Stacey Cunningham, the head of the New York Stock Exchange, is stepping down.
In a series of C-suite moves at Wall Street’s most famous stock exchange, Cunningham will step back from the daily business of all things NYSE to join the exchange’s board, Intercontinental Exchange chairman and CEO Jeff Sprecher wrote in a letter Monday.
Lynn Martin, a veteran executive of the company who has led ICE’s fixed income and data business for the past year, will succeed Cunningham, effective Jan. 3.
The change comes three and a half years after Cunningham, who started her career on the NYSE trading floor as an intern, was named as the exchange’s president—marking the first time that a woman was picked to lead the NYSE. (Catherine Kinney was copresident of the NYSE in the early 2000s, though the exchange did have a CEO at the time as well.) It also represented the only time in history when both the NYSE and Nasdaq were led by women, as Nasdaq CEO Adena Friedman was named as the exchange’s top executive in 2017.
Under Cunningham, NYSE has undergone a series of changes that have helped bring about a new era in the capital markets. It completed a long-awaited technology upgrade to its systems, helped pioneer and grow alternative routes to the public markets like SPAC mergers and direct listings, and, of course, navigated through the height of the COVID-19 pandemic, which shuttered NYSE’s trading floor and brought about the unprecedented challenge of the exchange having to migrate trading to an exclusively electronic environment.
“Nine years ago this month, ICE announced its $8.2 billion acquisition of NYSE Euronext, a move that put our relatively obscure company on the map. One week before that news broke, Stacey Cunningham joined the NYSE,” Sprecher wrote. “She was new to our team, but not new to the building, having spent the early years of her career on the NYSE trading floor. Stacey embraced the challenge as ICE set out to reinvent a global icon.”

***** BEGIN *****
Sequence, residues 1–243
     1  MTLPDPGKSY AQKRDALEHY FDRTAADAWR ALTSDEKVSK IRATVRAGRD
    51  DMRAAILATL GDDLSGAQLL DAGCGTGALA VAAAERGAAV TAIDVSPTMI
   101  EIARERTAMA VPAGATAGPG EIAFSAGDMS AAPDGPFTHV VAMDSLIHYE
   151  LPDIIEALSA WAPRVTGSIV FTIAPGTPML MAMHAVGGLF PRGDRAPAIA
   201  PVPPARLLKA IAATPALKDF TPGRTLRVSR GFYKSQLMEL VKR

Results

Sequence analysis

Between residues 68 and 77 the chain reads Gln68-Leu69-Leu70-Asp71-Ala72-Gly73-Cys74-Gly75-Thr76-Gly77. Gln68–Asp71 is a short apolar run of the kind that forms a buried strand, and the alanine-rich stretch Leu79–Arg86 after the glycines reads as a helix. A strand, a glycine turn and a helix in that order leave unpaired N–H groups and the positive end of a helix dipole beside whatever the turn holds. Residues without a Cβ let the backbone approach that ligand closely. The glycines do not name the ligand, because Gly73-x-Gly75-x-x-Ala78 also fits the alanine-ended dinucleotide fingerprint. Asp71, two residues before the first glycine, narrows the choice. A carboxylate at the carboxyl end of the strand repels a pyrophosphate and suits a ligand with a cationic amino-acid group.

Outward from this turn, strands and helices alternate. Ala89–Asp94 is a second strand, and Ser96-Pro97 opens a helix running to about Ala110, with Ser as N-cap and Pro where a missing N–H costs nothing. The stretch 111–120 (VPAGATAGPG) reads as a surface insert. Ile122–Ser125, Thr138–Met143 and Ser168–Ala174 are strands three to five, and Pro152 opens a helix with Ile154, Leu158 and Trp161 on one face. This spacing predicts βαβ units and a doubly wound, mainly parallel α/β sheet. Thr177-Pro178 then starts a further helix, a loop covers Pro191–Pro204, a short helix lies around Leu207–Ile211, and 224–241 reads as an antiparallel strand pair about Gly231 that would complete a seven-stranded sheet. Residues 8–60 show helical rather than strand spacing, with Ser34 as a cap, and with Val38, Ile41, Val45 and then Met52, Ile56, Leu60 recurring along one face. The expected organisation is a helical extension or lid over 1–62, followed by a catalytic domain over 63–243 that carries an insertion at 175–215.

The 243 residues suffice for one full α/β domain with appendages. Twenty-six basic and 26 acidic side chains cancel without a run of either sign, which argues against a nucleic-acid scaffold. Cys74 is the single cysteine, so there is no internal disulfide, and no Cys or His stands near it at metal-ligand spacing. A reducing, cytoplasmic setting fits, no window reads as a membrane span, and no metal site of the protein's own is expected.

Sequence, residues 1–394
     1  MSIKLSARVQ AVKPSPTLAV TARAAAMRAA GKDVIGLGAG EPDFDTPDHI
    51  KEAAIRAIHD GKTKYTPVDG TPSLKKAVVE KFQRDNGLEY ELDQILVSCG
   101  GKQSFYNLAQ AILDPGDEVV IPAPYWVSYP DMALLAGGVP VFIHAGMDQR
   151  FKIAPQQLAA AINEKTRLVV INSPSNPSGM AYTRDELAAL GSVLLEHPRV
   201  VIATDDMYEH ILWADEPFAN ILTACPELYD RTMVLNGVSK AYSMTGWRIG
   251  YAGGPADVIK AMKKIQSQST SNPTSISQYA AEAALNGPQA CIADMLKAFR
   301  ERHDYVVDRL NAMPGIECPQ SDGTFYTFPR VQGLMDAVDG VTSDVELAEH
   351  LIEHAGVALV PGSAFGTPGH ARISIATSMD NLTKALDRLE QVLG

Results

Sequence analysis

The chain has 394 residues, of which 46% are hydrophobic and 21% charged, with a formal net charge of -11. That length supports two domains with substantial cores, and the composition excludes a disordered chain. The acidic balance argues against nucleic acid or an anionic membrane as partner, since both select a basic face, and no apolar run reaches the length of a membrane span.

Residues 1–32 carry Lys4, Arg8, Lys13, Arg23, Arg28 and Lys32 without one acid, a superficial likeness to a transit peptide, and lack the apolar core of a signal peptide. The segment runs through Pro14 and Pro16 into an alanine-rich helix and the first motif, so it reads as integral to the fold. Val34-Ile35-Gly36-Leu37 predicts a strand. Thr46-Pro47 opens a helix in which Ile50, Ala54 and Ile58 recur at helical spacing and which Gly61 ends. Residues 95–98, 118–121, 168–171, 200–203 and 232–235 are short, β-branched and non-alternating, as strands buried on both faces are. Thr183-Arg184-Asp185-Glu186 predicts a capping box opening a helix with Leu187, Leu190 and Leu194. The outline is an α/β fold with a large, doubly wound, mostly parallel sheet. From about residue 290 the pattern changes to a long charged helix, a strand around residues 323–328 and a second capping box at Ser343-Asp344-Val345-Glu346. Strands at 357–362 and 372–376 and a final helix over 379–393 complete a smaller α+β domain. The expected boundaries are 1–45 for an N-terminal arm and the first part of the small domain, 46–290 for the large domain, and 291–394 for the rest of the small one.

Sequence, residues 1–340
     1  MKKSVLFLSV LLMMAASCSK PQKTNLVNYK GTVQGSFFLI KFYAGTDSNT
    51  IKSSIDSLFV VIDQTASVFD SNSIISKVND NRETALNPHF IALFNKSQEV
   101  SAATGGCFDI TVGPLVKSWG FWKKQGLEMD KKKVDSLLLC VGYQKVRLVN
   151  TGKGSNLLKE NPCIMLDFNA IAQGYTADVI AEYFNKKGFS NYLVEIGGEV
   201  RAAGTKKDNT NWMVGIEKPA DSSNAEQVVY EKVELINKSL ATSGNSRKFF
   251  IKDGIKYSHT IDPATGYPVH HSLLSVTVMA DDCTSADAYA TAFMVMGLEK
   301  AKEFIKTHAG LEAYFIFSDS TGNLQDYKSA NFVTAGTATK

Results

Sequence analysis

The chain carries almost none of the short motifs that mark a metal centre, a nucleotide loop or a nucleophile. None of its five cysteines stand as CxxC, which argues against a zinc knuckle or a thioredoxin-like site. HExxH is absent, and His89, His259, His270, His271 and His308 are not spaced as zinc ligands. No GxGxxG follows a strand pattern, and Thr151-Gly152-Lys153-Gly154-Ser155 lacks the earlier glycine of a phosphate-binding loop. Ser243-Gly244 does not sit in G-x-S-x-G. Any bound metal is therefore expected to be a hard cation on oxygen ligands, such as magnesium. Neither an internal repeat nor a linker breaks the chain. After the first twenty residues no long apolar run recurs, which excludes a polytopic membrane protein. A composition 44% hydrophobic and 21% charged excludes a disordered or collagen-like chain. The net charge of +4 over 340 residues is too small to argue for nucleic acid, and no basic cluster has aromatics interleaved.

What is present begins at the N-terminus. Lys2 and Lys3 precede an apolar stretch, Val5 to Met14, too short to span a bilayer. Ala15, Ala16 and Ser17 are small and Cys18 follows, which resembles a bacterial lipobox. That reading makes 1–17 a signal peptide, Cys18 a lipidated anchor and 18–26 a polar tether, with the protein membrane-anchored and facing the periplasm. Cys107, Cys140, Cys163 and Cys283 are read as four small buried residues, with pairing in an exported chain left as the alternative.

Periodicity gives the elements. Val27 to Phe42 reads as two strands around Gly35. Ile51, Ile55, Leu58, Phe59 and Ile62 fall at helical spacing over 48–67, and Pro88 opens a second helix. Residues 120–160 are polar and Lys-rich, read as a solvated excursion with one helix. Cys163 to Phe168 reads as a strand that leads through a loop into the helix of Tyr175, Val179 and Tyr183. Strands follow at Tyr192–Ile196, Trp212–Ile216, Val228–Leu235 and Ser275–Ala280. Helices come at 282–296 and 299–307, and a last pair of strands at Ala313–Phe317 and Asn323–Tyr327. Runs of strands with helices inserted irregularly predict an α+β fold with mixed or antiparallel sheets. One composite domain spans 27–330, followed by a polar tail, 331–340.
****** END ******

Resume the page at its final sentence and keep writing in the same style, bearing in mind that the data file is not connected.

With Martin, Sprecher is tapping yet another longtime NYSE and ICE veteran to lead the Big Board. The 48-year-old began her career at IBM, but, according to a profile published by NYSE, Martin soon found her interests lay in the financial market’s plumbing. Martin has been a part of NYSE and ICE for the past 20 years.
The NYSE president role is not the only one undergoing changes as outlined in Sprecher’s letter. The exchange has also named Hope Jarkowski, currently NYSE’s head of equities, as general counsel. Amanda Hindlian, a Goldman Sachs veteran who joined the exchange in February as global head of capital markets, will succeed Martin in leading ICE fixed income and data services as president.
And at ICE, COO Mark Wassersug will become chief information officer, with Stuart Williams, president of ICE Futures Europe, succeeding Wassersug as COO.
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